Monday, September 1, 2008

A Little Time for Rain

Yesterday, as the afternoon began and the clouds came rolling in, I dropped my books on my desk and opened the window for a nice English breeze, but what I got was so much better. I first sat back to start a movie but was distracted by this calming rain that poured over the football field in the distance. A subtle, constant, charming, yet dreary rain that my eyes couldn't help but be mezmerized. The images, that I shall assume were shooting across my computer screen as the movie began, were of no importance. George Clooney himself could have walked in the room and ask me to attend a party with him and his deep voice would have been silenced by that calm, soft rain. As I sat there, eyes not blinking, I was overpowered with this since of utter peace and astonishment. I'm coming to realize, since I've arrived here in England, that the simple things really are so much grander; they are simply more important. As I sat there, watching the rain, I thought to myself that one would never see a rainfall like this back in America; slow, without flaw. Nothing in America is "slow" but rather everyone always goes at a fast pace, constantly out of breath, and by the end of the day are wondering "Where did my day go?" America has no time to sit down and watch the rain fall anymore. Or, I should say, they do but it seems they've been brainwashed to believe different. Not here. Not in the countryside of England. The people here make certain that they take deep, soothing breaths each day and if by some reason it may be raining (which, let's face it .... is quite often), they throw aside their papers to be written and their disputes to be had as a means to be at peace, even for but a short while.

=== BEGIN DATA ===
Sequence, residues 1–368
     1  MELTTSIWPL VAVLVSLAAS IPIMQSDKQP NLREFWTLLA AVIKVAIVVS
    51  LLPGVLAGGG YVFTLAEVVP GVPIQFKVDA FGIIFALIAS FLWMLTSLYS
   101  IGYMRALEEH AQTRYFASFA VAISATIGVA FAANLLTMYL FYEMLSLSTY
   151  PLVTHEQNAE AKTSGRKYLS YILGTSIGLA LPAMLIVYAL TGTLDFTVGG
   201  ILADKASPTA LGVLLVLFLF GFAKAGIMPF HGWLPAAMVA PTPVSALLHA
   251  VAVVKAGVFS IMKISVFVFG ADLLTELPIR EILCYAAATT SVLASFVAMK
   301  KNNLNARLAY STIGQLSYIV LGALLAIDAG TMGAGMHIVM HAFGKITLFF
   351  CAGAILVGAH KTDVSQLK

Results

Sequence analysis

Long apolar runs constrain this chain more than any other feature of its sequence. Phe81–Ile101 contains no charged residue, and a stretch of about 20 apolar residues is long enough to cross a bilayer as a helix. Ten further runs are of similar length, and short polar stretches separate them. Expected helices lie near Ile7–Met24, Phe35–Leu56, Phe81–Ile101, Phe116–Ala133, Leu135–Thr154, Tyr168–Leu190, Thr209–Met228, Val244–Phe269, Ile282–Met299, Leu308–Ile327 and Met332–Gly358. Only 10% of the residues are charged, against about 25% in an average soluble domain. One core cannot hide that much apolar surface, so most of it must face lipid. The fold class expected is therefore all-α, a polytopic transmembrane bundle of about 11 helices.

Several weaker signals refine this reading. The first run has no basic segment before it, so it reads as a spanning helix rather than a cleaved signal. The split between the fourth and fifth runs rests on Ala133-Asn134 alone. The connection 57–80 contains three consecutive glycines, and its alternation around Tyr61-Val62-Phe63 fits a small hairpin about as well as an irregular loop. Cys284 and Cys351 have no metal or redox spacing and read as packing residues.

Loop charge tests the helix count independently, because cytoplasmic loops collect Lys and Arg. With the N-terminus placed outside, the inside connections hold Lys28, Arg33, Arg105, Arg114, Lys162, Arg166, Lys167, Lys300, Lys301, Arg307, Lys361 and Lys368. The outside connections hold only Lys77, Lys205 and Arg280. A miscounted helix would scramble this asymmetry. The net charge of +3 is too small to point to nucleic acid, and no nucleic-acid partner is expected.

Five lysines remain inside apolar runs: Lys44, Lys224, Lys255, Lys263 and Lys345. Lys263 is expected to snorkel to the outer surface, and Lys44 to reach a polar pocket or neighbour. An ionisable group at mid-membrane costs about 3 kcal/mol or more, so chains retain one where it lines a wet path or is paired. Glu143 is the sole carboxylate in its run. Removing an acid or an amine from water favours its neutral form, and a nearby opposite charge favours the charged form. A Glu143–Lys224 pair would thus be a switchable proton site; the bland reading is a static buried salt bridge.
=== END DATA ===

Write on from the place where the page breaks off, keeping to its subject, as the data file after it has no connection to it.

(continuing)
Sunday, August 31, 2008

England's Influence on a Soul ....

Stepping into a rain puddle right off the coach, she's automatically consumed with that near intoxicating feeling that was felt just over a year ago. That feeling of actually knowing without a doubt that THIS, right here .... right now, is what everything has led her towards. That feeling of being utterly terrified to the bone, but still having hope that it will only get better and if there was any purpose for her life .... this was it. That feeling of water seeping deep into her shoe, that smell that she can't describe but knows is only smelt here and NO WHERE ELSE. She swings her bag round her shoulders while her eyes open as a means to not miss any object that may come into view. As she slides a hand in her pocket the other glides atop the stone walls and images in her mind come into view of all the heros that had done the same thing at one point in their lives. This only excites her. And just as she is nearly drunk with this experience of passion and awe, sounds of different slants of tongue make her drift elsewhere .... someplace she hasn't a clue nor the name of, but, of course, she follows it anyway.